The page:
If you hire a lawyer and become dissatisfied with your choice, while your case is pending or even after a DUI conviction, it may be difficult to retain a different DUI attorney. For instance, because it is so important to begin investigating a DUI quickly, our office is often reluctant to to take a case after another lawyer has been retained and precious time to investigate has been lost. Therefore, the first decision should be made after considering the following:
- What is the focus of the attorney’s practice? Are they, and for how long have they been primarily devoted to DUI defense?
- Has the lawyer had any complaints filed against him or her?
- What books and articles has the attorney published?
- Did the DUI attorney graduate from an ABA accredited law school?
- Has the Tennessee Commission on CLE & Specialization and the National College for DUI Defense certified the attorney as a DUI Defense Specialist?
- What reviews has the attorney received from lawyer review agencies like Avvo?
- Has the lawyer achieved Martindale-Hubbell’s™ prestigious “AV” (very high to preeminent) rating?
- When and how often has the attorney lectured to his or her peers about DUI Defense?
We encourage prospective clients to devote the appropriate time, usually 2 hours, to properly investigate and speak with an attorney about their case. In our office, Steve and Sara are available every day of the year to discuss pending DUI charges. Please contact us at 865-249-7200 with any questions.
The internet and electronic record keeping has led to the end of a time when what “happened in Vegas, stayed in Vegas.” Similarly, criminal convictions from a distant state may no longer be ignored after a person moves away from that state. As law enforcement, court clerk’s offices, and agencies responsible for drivers licenses continue to store and share information electronically, a person’s criminal history is increasingly likely to follow him or her across state lines.
For example, a prior DUI conviction from another state may significantly increase potential penalties and the outcome of a Tennessee DUI case, just as would a prior Tennessee DUI conviction. State and federal agencies are increasingly accurate and reliable in their effort to report crimes to the National Crime Information Center (NCIC). By accessing the NCIC, any state or federal prosecutor may quickly review an individual’s entire criminal history, including charges that have been dismissed.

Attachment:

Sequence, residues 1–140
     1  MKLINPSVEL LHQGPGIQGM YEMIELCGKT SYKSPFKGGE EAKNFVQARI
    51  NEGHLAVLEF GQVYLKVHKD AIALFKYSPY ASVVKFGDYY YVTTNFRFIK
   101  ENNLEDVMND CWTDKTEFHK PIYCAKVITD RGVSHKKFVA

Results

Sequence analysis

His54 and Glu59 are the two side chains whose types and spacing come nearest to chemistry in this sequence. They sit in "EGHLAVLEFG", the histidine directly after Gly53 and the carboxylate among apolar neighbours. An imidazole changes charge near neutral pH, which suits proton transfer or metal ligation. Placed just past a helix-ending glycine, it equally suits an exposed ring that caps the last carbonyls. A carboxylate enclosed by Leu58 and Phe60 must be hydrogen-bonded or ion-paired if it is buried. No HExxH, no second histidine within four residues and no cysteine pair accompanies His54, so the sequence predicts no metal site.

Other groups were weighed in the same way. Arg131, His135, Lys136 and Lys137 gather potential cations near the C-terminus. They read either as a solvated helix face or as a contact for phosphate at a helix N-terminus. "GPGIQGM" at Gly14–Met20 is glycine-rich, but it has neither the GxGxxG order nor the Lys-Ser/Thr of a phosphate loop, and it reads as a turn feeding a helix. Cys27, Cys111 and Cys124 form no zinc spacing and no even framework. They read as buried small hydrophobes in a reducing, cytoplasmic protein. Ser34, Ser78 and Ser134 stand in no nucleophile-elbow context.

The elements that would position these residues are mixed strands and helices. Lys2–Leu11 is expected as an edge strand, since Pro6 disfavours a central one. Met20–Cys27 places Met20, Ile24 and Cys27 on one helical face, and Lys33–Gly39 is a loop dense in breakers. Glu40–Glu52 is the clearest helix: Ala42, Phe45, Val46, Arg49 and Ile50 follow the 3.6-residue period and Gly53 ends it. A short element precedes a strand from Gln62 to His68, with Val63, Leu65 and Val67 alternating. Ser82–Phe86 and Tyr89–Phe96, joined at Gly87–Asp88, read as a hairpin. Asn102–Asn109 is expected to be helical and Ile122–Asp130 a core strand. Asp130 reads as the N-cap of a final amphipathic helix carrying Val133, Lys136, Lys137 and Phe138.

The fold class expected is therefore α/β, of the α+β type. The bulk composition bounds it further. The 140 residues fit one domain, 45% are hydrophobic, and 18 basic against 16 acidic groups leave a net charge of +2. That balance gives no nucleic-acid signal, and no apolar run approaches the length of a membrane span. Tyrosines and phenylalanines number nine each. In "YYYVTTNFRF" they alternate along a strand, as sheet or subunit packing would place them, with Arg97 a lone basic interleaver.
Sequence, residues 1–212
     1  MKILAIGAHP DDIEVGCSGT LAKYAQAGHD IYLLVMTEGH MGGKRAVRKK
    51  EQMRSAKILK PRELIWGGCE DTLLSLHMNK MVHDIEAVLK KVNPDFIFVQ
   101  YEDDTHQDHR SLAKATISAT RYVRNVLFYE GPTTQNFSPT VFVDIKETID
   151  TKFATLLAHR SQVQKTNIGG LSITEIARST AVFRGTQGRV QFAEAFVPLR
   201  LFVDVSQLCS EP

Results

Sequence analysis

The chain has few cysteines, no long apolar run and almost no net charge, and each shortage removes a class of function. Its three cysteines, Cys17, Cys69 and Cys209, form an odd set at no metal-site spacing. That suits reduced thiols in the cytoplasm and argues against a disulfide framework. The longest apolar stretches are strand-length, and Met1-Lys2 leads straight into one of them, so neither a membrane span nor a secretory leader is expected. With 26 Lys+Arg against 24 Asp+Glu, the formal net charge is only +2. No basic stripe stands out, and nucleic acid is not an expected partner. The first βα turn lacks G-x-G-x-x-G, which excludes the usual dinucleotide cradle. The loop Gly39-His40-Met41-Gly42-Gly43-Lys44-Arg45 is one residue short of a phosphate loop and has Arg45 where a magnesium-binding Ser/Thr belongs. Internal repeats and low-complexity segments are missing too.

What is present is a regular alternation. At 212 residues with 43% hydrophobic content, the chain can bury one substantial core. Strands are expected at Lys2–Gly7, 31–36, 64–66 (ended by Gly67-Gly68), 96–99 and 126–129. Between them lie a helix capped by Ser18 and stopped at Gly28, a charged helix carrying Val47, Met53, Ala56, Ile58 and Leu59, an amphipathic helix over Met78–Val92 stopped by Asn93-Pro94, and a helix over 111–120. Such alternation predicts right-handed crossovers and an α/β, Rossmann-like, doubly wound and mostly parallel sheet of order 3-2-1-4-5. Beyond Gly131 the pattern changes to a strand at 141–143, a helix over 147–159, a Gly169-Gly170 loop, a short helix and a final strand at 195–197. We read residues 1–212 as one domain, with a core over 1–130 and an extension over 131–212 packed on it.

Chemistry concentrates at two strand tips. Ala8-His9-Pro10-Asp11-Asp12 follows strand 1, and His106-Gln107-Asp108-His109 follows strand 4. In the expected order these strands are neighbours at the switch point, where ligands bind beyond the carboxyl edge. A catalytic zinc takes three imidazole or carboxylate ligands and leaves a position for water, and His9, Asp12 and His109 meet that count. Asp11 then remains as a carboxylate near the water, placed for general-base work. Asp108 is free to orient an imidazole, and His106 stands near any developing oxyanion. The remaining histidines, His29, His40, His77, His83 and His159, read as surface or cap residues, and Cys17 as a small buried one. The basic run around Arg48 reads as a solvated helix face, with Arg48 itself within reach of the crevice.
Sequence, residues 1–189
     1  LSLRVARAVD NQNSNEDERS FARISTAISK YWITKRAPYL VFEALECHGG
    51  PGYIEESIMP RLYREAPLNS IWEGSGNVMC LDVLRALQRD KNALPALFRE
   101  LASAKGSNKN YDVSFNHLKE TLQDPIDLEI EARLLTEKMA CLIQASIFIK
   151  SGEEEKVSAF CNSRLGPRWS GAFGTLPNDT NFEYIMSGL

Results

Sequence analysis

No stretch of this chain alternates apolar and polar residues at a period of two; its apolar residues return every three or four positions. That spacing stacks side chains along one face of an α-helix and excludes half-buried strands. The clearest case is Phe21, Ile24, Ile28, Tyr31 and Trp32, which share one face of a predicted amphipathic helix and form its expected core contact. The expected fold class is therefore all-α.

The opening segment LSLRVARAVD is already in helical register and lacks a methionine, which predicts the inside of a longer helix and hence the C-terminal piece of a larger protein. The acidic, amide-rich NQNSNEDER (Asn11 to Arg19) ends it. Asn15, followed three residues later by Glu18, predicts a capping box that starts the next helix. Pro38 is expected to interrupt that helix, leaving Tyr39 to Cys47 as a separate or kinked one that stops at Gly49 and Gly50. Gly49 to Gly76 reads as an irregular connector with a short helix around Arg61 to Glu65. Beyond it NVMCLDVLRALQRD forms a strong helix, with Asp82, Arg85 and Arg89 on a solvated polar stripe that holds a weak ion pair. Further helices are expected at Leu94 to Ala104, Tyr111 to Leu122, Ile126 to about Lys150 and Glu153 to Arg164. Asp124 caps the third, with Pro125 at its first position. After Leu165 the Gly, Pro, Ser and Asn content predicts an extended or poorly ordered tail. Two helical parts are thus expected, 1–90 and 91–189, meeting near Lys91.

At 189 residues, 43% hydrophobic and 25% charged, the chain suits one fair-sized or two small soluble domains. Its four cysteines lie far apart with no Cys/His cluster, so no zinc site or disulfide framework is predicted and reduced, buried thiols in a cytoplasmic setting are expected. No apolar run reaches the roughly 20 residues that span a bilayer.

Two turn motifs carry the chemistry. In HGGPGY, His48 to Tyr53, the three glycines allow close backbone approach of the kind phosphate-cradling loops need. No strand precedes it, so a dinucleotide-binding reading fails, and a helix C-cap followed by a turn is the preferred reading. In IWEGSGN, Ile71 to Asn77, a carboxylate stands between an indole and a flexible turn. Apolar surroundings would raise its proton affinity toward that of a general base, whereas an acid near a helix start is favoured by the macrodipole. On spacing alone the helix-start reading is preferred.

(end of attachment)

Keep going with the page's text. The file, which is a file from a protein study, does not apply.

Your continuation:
Prior charges and convictions may negatively impact pending DUI litigation. As a result, it is imperative that anyone facing criminal charges fully disclose these charges to their Tennessee Defense Attorney, even if the prior charges have been dismissed and expunged.
Please contact our office to find out more about convictions in other states and how to address them as part of a DUI defense strategy. You may contact our Tennessee DUI defense lawyers, Steve and Sara by calling (865) 249-7200.
Many people are unaware of the many collateral consequences of a DUI conviction. One generally understood consequence of a conviction for Driving Under the Influence, First Offense, in Tennessee is the loss of a driver license for one year. Even though a restricted driver license may be obtained for many people convicted of a DUI, First Offense, a restricted driver license will typically not suffice to rent a motor vehicle. Most, if not all, national rental agencies require a renter to provide a valid driver license. Therefore, the possibility of renting a car will not be an option for at least a year after a conviction for Driving Under the Influence in Tennessee.
Even after the Tennessee driver license reinstatement of someone convicted of DUI, the ability to rent a car may be limited due to insurance concerns. Individual rental companies may respond differently to a prior DUI conviction. Therefore, the best course of action would be to contact a sales representative before a rental car is reserved online and relied upon for transportation. Higher rates, travel restrictions, and special insurance may be required to rent a vehicle, so it makes sense to shop around and compare policies and rates.
Please click here for additional information about the collateral consequences (other consequences) of a DUI conviction. An experienced Tennessee Defense Lawyer should be consulted about all of the possible consequences of a Driving Under the Influence conviction. Steve and Sara are available to answer questions about the consequences of a Tennessee DUI and may be reached by calling 865-249-7200.
The Tennessee Highway Patrol is planning sobriety checkpoints in Knox County, Tennessee. These checkpoints are also frequently referred to as DUI roadblocks or DWI roadblocks. Prior to administering such a DUI roadblock, the police (THP in this case) are legally required to advise the public of the location and times of the roadblock/sobriety checkpoint.